1) Diane Gibson, Paddock
IT HAS been a tough year for Diane Gibson, but her flower packed Paddock garden has helped her through.
I lost my mum earlier this year and it broke my heart, said Diane.
We had to brick up the gap between her garden and mine. At first I didnt want to bother with the garden, but once I got stuck in, all the old happy feelings kicked in and now it has got more flowers than ever.
The garden has helped me through whats been a difficult time.
Id run out of floor space, when I stumbled on some planters that stack so now Im going upwards as well. They stack up to seven feet high so Ive got lots of them all stuffed with Busy Lizzies, antirrhinums, marigolds, mesembryanthemums, lobelia, geraniums, pansies, petunias, in fact everything thats colourful.
Ive used railway sleepers, scaffolding poles, pallets, anything I could get my hands on to build new planters.
Every wall is crammed with containers and hanging baskets spilling out colour from nemesia, mimulus, phlox, giant fuchsias, salvias and helichrysum.
And the whole garden, which sits behind a tiny terraced house, packs a powerful punch in terms of fragrance thanks to towering sweet peas, freesia, French lavender and heady dianthus.
The garden buzzes with vitality and with bees, hoverflies and butterflies.
I saved a lot of seed last year and have been able to grow all kinds of things, said Diane.
Ive got some fruit and veg, mainly tomatoes, strawberries and radishes though I dont like radishes so I give those away.
She gives away a lot more than just plants and veg. Diane encourages and supports all her neighbours who want to get their gardens looking good and theres certainly no missing this flower filled corner of Paddock.
We have had quite a few comings and goings with new neighbours in the street, but weve planted up a few pots for them and hope they will get interested and join in.
Diane works at the post office in Paddock where she dishes out gardening advice with a flower in her hair and a sunny smile. Her son Jack, 18, has just started an apprenticeship and her daughter Laura, 21, is working as a dental nurse.
For Diane, what has kept her spirits up through tough times has been the garden which shines with her warm personality.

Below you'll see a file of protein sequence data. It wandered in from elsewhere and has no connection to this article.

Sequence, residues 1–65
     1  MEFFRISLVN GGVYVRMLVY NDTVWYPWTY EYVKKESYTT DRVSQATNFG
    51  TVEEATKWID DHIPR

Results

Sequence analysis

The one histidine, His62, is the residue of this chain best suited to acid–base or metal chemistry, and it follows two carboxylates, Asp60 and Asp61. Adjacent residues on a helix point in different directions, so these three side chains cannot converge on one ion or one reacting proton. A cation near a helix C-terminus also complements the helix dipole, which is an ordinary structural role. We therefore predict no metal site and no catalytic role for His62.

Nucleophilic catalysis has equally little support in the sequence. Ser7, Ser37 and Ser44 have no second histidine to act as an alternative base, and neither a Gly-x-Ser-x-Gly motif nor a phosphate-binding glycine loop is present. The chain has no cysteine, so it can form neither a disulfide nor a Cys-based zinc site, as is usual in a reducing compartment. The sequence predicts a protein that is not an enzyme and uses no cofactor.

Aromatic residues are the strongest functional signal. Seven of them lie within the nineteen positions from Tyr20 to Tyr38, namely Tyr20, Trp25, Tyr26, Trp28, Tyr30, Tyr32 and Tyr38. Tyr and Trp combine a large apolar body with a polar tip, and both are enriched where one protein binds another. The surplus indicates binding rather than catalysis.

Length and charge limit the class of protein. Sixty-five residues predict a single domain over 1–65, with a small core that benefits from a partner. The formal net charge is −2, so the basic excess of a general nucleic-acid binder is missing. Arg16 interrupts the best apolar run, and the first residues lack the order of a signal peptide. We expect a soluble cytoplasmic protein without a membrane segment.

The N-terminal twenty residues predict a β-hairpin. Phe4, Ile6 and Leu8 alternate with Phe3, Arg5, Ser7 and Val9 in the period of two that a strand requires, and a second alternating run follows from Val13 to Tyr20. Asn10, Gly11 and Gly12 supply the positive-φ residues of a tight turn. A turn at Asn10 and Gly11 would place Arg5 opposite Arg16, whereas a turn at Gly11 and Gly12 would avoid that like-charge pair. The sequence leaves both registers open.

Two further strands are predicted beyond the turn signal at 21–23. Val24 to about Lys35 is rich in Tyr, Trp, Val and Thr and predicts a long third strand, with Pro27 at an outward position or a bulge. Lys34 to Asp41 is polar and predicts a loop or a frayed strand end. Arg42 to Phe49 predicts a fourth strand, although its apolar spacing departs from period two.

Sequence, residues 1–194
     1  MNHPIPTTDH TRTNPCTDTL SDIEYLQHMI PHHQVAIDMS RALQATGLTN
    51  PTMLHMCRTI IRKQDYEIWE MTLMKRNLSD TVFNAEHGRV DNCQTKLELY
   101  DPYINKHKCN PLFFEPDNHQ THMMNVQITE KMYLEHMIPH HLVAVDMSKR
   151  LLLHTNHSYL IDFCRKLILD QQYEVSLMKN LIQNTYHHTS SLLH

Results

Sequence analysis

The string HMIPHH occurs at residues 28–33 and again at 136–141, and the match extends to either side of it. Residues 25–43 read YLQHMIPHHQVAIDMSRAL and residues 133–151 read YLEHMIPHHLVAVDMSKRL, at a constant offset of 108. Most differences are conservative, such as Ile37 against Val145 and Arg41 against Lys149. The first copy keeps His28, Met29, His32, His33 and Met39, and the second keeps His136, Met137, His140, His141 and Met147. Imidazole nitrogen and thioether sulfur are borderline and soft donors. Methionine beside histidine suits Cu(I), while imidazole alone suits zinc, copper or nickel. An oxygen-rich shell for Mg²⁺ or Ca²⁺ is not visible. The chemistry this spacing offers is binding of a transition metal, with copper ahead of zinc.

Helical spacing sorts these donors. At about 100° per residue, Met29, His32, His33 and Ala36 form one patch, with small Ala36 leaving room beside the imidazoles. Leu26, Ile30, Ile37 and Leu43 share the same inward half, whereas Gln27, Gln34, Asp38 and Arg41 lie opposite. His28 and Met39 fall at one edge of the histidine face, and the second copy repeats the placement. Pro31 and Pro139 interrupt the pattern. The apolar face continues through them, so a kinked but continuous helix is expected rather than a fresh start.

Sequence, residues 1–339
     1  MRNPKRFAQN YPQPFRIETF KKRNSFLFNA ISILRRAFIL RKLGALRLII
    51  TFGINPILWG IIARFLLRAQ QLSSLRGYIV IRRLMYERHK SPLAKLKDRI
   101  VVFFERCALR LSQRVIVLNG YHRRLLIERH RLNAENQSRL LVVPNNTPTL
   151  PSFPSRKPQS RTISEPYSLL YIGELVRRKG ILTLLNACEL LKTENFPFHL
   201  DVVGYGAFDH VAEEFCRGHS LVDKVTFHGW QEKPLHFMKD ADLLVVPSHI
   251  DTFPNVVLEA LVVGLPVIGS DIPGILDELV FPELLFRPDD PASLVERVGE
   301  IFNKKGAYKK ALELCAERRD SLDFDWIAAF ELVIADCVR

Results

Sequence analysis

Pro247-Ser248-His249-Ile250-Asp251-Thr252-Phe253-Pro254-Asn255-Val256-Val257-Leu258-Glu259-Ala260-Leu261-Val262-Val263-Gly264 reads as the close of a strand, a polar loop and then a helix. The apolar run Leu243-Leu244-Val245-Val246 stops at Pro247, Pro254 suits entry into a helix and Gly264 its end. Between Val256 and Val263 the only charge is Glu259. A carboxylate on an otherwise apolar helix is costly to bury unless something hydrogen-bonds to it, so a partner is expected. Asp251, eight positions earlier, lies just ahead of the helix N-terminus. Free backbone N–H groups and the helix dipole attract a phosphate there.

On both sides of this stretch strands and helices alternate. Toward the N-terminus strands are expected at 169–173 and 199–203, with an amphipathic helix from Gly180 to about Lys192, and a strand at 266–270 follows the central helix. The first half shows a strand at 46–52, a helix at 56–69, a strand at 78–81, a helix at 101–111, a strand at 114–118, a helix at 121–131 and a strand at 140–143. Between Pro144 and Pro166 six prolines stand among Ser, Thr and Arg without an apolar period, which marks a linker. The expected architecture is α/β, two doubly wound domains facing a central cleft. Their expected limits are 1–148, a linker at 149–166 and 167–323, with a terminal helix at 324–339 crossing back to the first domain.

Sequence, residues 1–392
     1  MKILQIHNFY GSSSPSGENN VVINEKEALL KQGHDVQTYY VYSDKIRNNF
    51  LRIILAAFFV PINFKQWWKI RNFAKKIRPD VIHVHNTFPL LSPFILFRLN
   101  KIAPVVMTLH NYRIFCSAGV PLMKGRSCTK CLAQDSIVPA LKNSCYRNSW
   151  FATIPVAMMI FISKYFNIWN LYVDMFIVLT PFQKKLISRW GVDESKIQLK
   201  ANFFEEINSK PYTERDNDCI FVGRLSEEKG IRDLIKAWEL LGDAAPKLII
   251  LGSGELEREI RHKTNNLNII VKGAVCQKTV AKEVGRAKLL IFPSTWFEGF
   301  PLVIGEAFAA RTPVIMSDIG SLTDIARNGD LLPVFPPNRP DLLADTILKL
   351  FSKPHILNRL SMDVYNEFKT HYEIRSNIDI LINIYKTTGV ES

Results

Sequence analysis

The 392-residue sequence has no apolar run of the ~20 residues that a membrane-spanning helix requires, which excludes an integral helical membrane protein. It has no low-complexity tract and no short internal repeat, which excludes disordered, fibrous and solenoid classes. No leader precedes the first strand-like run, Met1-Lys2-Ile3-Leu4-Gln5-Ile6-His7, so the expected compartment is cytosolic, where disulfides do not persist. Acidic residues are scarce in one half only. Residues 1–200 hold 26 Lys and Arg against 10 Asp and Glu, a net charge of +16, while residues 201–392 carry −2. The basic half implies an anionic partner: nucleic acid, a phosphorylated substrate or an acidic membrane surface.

2) Mr and Mrs Stephen Knapton, Longwood
ONE of the new gems discovered in this years competition was a stunning hidden garden created by truck driver Stephen Knapton and his wife, Anne.
The couple moved into their Grade 2 listed weavers cottage four years ago. It stands on the roadside in Longwood and initially it is difficult even to see a garden.
Pass through a narrow alleyway and a door opens on to a secluded plot which has been beautifully designed and planted with a mix of cottage garden favourites and more architectural specimens to give height and structure.
Stephen is really into recycling and is always coming home with something to use as a container in the garden, said Anne, who works for Batleys Cash and Carry.
A tin trunk stands in a corner filling the seating area with the scent of lavender and set into a wall, an old stone sink provides a perfect holder for a froth of cream-edged hostas.
The old outside toilet has been converted to a tool store and is about to get a green roof with sedums top of the likely plant list. And the naturalistic pool is awash with water lilies and wild life.
In this idyllic setting with far-reaching views across the Colne Valley, the couple have created a delightful garden brimming with striking plants including ligularia, oriental poppies, echinops ritro, giant knapweed, alliums, hemerocallis, deep blue Veronicas and the soft silver foliage of stachys lanata.
3) Philip Hirst, Waterloo
FOR Philip Hirst and his wife, Anne their waterside garden at Waterloo is a real haven.
Weve lived here for about nine years and we enjoy the garden so much that we find it more and more difficult to leave it, even to go on holiday, said Anne.
When we came here, Philip had to clear some conifers and shrubs to let more light in, said Anne.
Id never really grown anything until we came here, said Philip. Now I grow everything.
Philip, an electrician, has packed the garden with a diverse range of plants including many classic English garden herbaceous plants.
Two types of sambucus, or elderberry, one with fine cut golden leaves, the other with striking purple foliage, provide highlights alongside a variegated maple and the towering spikes of hollyhocks and ligularia.
The vivid blue of Veronica spicata and the bright blooms of dahlias, geums contrast with the more delicate flowers of astrantia, Eupatorium maculatum and the pretty violet blue of the harebell.
A vigorous clematis tangutica with nodding yellow bell shaped flowers and fluffy lime-coloured seed heads is one of a number of climbers which take the flower power up the walls of this well-tended garden.
Philip grows tomatoes, peppers, cucumbers and other summer vegetables in his greenhouse as well as bringing on his own dahlia plants and many herbaceous perennials.
He makes his own compost, uses water from rain butts and does all he can to encourage wildlife. And it works.
We have foxes, hedgehogs, all kinds of birds and the ducks come into the garden from the beck which runs along the bottom, he said.